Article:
One of the things I enjoy most about my work as a personal branding advisor is the type of clients who are typically drawn to me. Beyond gender, race, and geographic location, I attract a specific type of hard-driving, accomplished, hard-working person who is passionate about learning, has ridiculously high standards, and remains in constant pursuit of his or her next level.
This realization has also allowed me to reflect back on past clients and observe current clients through a new lens. What I am most fascinated by these days are not only the ways to make my clients more visible which is definitely a passion. But I’m also explicitly focused on helping them remove the blocks that have held them back in whatever area they now find themselves seeking advancement.
To help me build a framework around this process, I recently set out to unpack one common trait in my clients. Despite their incredible resumes, stellar work histories, numerous accolades and awards, the high achieving clients who are most drawn to me are all underselling themselves.
If you too are a high achiever and are looking to break through to your next level, consider the following ways you may be underselling yourself and your talents.
You’re conflating your salary/payment level with your value.
In our income obsessed society, this is easy to do. However, despite their contributions to their company’s bottom line, many employees are grossly underpaid. If that resonates with you, beware of making assumptions about your value and worth based solely on the figure that appears on your paycheck. If you’re already working with clients and don’t feel you’re being paid what you’re worth, it may be time to talk with a business coach or do some research on what others who are performing similar duties are being paid. When you are more educated on the norms of your industry, you can negotiate from a place of power.
You’re not claiming all of the value you add.
I see this a lot when people find themselves adding value outside of their formal job description or scope of client work. For example, you may be hired to manage budgets but you consistently bring your team leadership and project management skills to the table. If you regularly find yourself adding value for which you have not been hired or explicitly directed (and paid) to do, that doesn’t negate the value of the work you provide. You have the right to claim work that falls outside of your job description when you’re selling yourself in job interviews or client meetings. Figure out how this work helps to tell your full story and weave it into your narrative.
Sidebar – by learning to communicate ALL that you add, you can position yourself for a raise or new opportunity elsewhere.
You’re not taking credit for your contribution to team efforts.
This is a BIG one.
For some reason, high achievers don’t like to “take credit” unless they can say a project was theirs from start to finish. But when working with large teams, everyone plays a part. You don’t have to claim full credit for team results, but you also don’t have to understate your contribution either. Maybe you played a part in that presentation – maybe you did the research on the backend, gathered all of the relevant case studies. Or maybe your contribution was “softer” – you kept the team organized, motivated and moving. Or better still, maybe you came in much later in the project but were able to get everyone refocused and energized after months of stagnation. Whatever role you played in the team dynamic, own it.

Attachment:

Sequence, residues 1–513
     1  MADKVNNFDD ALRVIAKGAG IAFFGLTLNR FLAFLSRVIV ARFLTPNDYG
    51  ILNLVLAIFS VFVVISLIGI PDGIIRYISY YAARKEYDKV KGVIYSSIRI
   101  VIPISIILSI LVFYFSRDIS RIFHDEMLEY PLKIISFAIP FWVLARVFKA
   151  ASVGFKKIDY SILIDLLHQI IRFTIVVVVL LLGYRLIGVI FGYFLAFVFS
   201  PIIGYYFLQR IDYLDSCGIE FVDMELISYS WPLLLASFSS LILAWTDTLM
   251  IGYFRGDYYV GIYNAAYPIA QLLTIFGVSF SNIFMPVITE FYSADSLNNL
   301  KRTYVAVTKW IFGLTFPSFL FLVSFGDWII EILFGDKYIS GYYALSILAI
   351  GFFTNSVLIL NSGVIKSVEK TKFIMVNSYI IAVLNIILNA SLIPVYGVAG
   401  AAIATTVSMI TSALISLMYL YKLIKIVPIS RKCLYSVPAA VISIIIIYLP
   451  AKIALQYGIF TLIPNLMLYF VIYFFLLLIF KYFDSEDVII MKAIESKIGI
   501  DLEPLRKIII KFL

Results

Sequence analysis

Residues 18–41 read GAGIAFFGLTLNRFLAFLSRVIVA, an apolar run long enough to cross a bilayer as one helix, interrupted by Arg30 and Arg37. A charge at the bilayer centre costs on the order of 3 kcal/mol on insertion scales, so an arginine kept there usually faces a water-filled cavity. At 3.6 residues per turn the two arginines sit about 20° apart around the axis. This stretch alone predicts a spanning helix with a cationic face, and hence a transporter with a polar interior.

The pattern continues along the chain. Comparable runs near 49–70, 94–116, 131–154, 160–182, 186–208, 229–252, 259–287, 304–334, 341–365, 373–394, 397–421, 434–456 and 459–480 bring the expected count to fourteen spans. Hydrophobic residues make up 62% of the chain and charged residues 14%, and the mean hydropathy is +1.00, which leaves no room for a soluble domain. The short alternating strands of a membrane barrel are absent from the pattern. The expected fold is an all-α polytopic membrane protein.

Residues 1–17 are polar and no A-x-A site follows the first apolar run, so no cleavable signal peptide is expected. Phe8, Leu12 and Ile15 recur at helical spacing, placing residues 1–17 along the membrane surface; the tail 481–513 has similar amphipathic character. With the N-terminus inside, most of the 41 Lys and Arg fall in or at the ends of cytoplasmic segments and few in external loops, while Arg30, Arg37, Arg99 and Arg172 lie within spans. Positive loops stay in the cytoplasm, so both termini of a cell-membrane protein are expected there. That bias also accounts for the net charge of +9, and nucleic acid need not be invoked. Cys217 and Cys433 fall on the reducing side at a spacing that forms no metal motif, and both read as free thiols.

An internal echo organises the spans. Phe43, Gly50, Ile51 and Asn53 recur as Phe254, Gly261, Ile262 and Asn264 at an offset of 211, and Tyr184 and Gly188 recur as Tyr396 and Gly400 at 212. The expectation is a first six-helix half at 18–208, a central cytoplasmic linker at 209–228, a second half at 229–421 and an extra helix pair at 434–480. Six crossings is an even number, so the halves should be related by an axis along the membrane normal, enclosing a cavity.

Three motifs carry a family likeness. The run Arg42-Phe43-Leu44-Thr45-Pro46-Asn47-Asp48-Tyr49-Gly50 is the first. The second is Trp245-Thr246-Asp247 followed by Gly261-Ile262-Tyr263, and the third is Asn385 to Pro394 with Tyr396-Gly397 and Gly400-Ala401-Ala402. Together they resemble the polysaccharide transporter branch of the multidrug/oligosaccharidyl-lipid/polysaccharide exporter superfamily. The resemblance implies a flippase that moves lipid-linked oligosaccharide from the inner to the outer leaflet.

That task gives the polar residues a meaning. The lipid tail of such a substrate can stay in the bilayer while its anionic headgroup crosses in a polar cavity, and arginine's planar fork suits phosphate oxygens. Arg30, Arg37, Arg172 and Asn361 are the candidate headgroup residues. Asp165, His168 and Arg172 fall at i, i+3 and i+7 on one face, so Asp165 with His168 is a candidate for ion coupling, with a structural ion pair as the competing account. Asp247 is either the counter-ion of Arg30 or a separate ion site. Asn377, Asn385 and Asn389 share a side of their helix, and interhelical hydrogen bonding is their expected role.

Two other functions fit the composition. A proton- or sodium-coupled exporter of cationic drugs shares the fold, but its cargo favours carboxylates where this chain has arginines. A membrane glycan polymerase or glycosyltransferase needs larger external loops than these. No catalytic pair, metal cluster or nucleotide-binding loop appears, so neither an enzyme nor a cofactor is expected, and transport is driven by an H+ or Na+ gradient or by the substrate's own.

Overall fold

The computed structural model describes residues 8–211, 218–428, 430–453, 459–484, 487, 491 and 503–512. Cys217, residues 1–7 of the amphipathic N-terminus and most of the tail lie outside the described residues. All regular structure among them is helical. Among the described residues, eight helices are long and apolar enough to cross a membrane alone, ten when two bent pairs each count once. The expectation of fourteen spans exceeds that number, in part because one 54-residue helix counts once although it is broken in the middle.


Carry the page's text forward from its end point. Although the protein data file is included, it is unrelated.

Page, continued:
You selectively forget or leave out former wins.
This is the gaffe I see the most, and as a high achiever I understand where it comes from. Many of us think that we’re only as good as our last project or role, when in actuality one role can’t accurately define your personal brand. One project can’t possibly tell your full story.
While your personal brand should absolutely reflect your most current wins, don’t be so quick to dismiss big projects you worked on in your previous roles. If you’re working with clients, don’t dismiss the value you added to clients last year and the year before. It all matters, and it’s all valuable information that can tell your story and communicate how you are the right fit for the next opportunity. So get in the habit of keeping track of your wins and creating language that describes what you’ve done in each project and role so you’re not scrambling to remember your contribution, and you’re not relying on only the most recent work to sell yourself.
You downplay what’s most remarkable.
This one is easy to do. You’re close to your genius so you likely don’t see it as such. Thing is, most of us grossly underestimate the value of our most remarkable assets. We can come up with taglines and slogans in the shower – where’s the value in that? We can walk into a heated discussion and immediately bring the temperature down with our skills of diplomacy and conflict resolution – but everyone can do that, right?
Understanding your “genius” or what is most remarkable about how you’re able to do what you do (typically faster than others, with more ease than others, or in a much bigger way than others can do given the same constraints) requires tremendous introspection. Because most of us have a blindspot when it comes to our gifts, here an outside voice may be helpful. Talk to trusted colleagues, advisors, mentors or seek out a coach who is skilled in this area.
Are you underselling yourself? | Are you ready attract the opportunities that are a better fit for you? Learn how we can work together during a strategy day or strategy session to tease out the areas of your story that really shine. Learn more.
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